I’m still on the way to finding that thing, but when I chose computer science in that fork in the road, the path ahead got a little less hazy. And that little bit of clarity is a truly great thing.
Wishing the best of luck with finals to all of my student readers.
And remember –
“Love what you do and do what you love.” — Ray Bradbury
For the majority of my blogging “career” (I haven’t ever been paid, but I’m not sure there’s a better word for it), I have only told half-truths. I cherry-picked the best stories and wrote them in amusing tones with included gifs to liven up my silly rambling thoughts. I don’t regret these previous posts – this type of writing makes me happy and seems to make my readers happy too. Sometimes, though, I feel I’m lying by omission.
Essena O’Neill, an Australian blogger – actually, let’s call her a social media entrepreneur – recently uploaded a brutally honest video that I found pretty inspiring. She called out my generation – herself included – for being overly self-obsessed and narcissistic, for basing all measures of self-worth and popularity on the number of ‘likes’ on Facebook and Instagram posts. Since the video went viral, Essena seems to have deleted all traces of herself from social media, so it appears she has followed through on her promise to quit it altogether.
She is braver than I.
But I have promised to be honest now.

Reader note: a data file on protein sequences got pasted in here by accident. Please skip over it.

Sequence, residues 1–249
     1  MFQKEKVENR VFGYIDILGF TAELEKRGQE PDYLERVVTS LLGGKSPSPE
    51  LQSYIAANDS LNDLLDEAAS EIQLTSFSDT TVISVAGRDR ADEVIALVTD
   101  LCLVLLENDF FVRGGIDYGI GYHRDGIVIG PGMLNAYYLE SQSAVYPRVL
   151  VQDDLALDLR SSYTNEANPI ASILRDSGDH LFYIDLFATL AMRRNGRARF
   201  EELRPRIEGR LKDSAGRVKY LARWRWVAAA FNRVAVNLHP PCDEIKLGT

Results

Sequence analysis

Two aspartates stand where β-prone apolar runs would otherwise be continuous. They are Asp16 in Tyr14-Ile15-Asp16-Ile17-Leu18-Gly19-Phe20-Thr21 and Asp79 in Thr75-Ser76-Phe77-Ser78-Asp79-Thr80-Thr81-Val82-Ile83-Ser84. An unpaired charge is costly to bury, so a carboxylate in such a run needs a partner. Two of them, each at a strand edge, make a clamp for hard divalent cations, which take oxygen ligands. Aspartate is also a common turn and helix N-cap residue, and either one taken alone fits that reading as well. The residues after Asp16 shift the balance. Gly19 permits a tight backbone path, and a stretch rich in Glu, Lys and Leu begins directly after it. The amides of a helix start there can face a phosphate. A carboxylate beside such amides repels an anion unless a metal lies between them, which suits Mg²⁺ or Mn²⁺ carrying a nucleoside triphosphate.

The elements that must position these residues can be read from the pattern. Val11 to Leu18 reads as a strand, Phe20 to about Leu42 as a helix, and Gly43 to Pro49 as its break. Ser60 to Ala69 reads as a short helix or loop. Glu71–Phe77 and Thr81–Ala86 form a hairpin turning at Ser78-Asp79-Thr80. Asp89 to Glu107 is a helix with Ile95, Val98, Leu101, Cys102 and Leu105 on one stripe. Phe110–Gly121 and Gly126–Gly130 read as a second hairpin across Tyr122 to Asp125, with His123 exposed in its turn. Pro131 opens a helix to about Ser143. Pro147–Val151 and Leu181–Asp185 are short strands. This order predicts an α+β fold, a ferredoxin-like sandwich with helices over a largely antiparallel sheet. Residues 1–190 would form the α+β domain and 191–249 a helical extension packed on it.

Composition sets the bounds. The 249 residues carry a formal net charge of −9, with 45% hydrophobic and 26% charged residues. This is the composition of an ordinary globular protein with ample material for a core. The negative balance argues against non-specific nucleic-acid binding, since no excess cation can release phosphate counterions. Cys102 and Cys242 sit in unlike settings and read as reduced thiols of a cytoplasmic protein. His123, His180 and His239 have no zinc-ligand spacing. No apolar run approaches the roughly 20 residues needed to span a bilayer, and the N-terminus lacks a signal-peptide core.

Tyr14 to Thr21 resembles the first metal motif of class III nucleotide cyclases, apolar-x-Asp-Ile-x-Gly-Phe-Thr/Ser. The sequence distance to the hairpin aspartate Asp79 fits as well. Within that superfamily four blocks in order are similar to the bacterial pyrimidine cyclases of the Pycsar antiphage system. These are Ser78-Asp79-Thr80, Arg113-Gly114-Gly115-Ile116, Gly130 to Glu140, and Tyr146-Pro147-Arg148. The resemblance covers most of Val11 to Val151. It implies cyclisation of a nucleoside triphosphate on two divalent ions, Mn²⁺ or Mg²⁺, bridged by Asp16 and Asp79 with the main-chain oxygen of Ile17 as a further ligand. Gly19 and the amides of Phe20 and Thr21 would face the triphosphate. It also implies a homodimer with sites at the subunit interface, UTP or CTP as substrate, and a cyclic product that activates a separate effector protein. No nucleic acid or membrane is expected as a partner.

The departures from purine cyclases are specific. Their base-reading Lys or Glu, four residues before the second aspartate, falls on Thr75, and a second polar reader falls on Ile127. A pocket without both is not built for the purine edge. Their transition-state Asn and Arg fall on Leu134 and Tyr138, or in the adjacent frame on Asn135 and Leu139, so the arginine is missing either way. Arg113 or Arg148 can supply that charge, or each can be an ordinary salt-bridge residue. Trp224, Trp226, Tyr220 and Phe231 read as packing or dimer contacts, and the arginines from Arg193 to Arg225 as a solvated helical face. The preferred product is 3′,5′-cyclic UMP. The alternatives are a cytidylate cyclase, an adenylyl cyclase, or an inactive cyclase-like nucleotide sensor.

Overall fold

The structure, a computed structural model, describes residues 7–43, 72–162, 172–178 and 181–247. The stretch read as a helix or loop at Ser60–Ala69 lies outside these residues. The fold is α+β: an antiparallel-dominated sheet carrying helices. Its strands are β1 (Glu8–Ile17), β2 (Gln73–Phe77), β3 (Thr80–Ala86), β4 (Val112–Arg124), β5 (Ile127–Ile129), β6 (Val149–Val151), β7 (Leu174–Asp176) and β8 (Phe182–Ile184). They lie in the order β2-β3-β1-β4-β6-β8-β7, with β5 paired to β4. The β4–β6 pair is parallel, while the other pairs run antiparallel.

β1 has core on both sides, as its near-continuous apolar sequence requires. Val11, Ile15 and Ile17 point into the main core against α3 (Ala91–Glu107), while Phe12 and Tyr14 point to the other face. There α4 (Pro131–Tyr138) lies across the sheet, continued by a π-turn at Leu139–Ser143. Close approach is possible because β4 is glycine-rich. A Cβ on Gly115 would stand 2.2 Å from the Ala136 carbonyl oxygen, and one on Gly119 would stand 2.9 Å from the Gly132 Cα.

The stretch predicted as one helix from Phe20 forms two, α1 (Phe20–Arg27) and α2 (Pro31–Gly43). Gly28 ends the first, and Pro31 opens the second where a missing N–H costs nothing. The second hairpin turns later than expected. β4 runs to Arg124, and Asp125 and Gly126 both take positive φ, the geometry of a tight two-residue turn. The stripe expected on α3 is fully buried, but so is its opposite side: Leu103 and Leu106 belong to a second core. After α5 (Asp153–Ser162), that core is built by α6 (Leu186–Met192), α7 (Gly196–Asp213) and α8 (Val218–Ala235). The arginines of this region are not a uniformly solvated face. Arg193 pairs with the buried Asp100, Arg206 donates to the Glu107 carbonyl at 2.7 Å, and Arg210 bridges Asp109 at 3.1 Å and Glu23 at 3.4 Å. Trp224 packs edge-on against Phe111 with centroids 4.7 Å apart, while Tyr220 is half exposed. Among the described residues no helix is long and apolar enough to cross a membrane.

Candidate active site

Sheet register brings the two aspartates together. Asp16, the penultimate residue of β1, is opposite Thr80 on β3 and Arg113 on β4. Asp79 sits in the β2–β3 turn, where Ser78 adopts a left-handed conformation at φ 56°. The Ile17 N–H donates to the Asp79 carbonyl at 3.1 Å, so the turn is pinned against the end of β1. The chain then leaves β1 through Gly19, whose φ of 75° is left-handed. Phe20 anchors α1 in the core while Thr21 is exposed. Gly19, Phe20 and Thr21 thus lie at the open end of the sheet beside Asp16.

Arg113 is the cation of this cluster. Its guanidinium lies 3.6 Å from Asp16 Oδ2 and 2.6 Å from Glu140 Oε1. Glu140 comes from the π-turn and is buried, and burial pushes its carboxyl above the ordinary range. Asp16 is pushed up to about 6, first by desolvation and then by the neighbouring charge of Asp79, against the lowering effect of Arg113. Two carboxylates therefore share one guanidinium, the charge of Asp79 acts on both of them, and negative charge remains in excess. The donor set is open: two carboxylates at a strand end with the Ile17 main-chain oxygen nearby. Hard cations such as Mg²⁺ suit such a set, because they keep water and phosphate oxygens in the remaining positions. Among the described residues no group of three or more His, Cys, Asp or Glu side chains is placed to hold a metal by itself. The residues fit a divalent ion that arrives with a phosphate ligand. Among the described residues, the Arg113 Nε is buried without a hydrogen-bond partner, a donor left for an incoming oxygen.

I’m obsessed! I find myself checking my phone constantly for new updates. I do draw a large sense of self-worth (or a lack thereof) from how well my postings perform on different apps.
And, most importantly to this blog and what it discusses, I reveal only the best moments of my life to the world.
Don’t get me wrong – I am so lucky. Somehow I’ve managed to get myself across an ocean and do a bit of traveling on the way, thanks to some amazing scholarships I earned (shoutout to the OU Global Engagement Fellows and National Merit programs). I want to give back in some way, to give people a little peek into new cultures or advice about how they can get involved in programs to help them achieve their own dreams of travel and global learning.
For this reason, I feel so grateful to be a Global Engagement Fellow for my home university, an International Student Ambassador for the university I’m visiting, and a new member of Education in Ireland’s 2015 Student Ambassador Program. I hope I can fulfill my duties in each of these roles and encourage my fellow students and learners everywhere to aim high and shoot even higher.
I have to include some perspective, though.
Today, I had the amazing opportunity to visit Google’s European headquarters in Dublin for a university student open house. It was eye-opening and inspiring and I had a truly enriching four hours in those offices. I tweeted some thanks to the organizers and Snapchatted a photo before I left.